Stumbled on this today…It's from another blog, but I must repost.
Christ spent much time in prayer, in relationship with others, in service to the less fortunate, and even alone.
He was concerned with heart matters over physical matters.
He gave of Himself without complaint.
He forgave freely.
He instructed in what is good and against sin.
He meditated on God’s word.
He told lots of stories.
He recharged Himself spiritually and physically.
And, most importantly, while we were still sinners, Christ died for us! He lavished GRACE on a sinful, dying world.
“We must be the parents who become the flesh of Christ to our children!”
In order to do that we need to know Him, LOVE Him, spend time with Him… LOTS of time with Him!
“You must be a gardener of your own soul, and then a gardener of your children’s soul.” “You can’t pass on what you’re not living.”
“The Proverbs 31 woman ‘clothed herself’ with strength and dignity… She had to ‘put’ it on. It’s a choice to be made.”
“Godly, strong, overcoming women who have a testimony don’t happen by accident.”
“You (and your children) are being groomed to become like Christ. Many times that’s done through difficulty.”
“He desires not for you to be happy and shallow, but to be Holy.”
“Our children learn how to believe & persevere by watching us. How do we handle trouble/discouragement?”
Our children will be prepared for trials in life by seeing how we trust and lean on God in our sadness.
“Your spirit is an example to others – how you walk with God is a model for your children to follow.”
We can’t give our children what we don’t have. If we want them to know and love God. We need to know and love God.
“Be a learner. Be curious about all that God has made (surround yourself with others who do the same).”
“God isn’t calling you to be exhausted, He’s calling you to rest.”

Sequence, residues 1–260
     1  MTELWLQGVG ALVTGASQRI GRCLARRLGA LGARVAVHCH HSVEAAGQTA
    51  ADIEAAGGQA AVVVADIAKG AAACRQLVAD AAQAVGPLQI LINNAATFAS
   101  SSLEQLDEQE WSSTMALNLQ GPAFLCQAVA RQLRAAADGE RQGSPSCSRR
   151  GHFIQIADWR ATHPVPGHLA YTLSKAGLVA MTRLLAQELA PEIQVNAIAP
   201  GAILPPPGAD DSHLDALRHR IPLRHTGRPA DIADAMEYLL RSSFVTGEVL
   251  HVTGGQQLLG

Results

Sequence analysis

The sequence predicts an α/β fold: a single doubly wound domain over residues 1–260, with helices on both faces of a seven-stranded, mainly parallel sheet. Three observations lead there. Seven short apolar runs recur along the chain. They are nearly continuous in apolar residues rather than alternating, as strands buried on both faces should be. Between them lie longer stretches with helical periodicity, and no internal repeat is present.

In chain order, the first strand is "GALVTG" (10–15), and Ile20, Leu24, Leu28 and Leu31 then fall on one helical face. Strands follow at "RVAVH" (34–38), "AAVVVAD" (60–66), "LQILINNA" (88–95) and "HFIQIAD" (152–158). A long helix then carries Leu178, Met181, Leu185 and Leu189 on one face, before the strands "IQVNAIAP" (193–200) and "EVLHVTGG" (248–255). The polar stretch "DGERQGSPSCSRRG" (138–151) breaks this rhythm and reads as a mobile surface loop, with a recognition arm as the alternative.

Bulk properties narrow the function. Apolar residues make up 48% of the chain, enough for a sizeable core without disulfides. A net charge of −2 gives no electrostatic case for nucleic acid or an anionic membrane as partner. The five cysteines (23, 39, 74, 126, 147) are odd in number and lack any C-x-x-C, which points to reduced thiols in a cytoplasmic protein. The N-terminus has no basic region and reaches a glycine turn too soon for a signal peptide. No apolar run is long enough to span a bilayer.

“Light a candle, put on music, get a real tea cup, make a pot of tea, invite someone to sit w/ you… & talk! Make some quiet time.” (Jesus went away to be alone and spent intimate time with friends.)
“Everyone needs a place of quiet that is nurturing to your spirit, enriching your soul. What nurtures your heart & brings you closer to God?“
“If your soul isn’t rich, how can you give richness to your child? Enrich YOUR soul!”(see Sally’s post on this here)
“Your children are watching everything you are doing!” “What are you doing in front of your children? What are you speaking in front of your children? Is it pleasing to God?”
“The spirit of a woman to speak light into darkness can change a whole family’s history.”
“God isn’t asking you to do more, he’s asking you to rest in him/trust him. The more you rest in him the more you become like him.”
“God doesn’t want you to be perfect. He wants you to love Him and make Him known to your children.”
“God doesn’t ask for perfection, He asks for a heart for Him!”
“Are you (am I) a picture of the incarnate Jesus to your husband, your children, your friends?”
Until next Tea Time (next Tuesday) when we talk about the reason behind all of this (the arrows we are shooting into the future generations),
May you be filled to overflowing with God’s love and may your children be drawn to the light of Christ in you!
Check out more GREAT insights from the Mom Heart Conference from some of my blogging friends:
God Is At Work In Your Child’s Life(last week’s Tea Time post here at SomeGirl’s Website)
Feel free to pass this along to your friends! ♥ Love, Michelle (aka SomeGirl)
Disclaimer: Most of what I share in this and future Tea Times came directly (or was gleaned) from theMom Heart Conference hosted by Sally Clarkson. Where I quote directly from her or another speaker I will use quotation marks. In my haste to write down the great nuggets of truth shared with us I failed to write who said what, so my quotes will not be referenced. In other words, if you see something in quotes it was said by someone wise at the conference.
post from the URL: http://somegirlswebsite.com/showing-love/2011/03/greatest-role-moms/
Here are a few ways that we are trying to raise obedient children:
God has set parents in place as the authority figures in the lives of children. Hebrews 12 speaks of how discipline is actually a privilege of being a son. Don’t fear that your child will resent your discipline. On the contrary, they will soon realise that it is a sign of your love for them.
The counting-to-three routine undermines your authority and places your child in the driving seat. You are training them that, essentially, obedience is a negotiation and they can determine the timing of their obedience. Train them to think, “I must obey straight away.”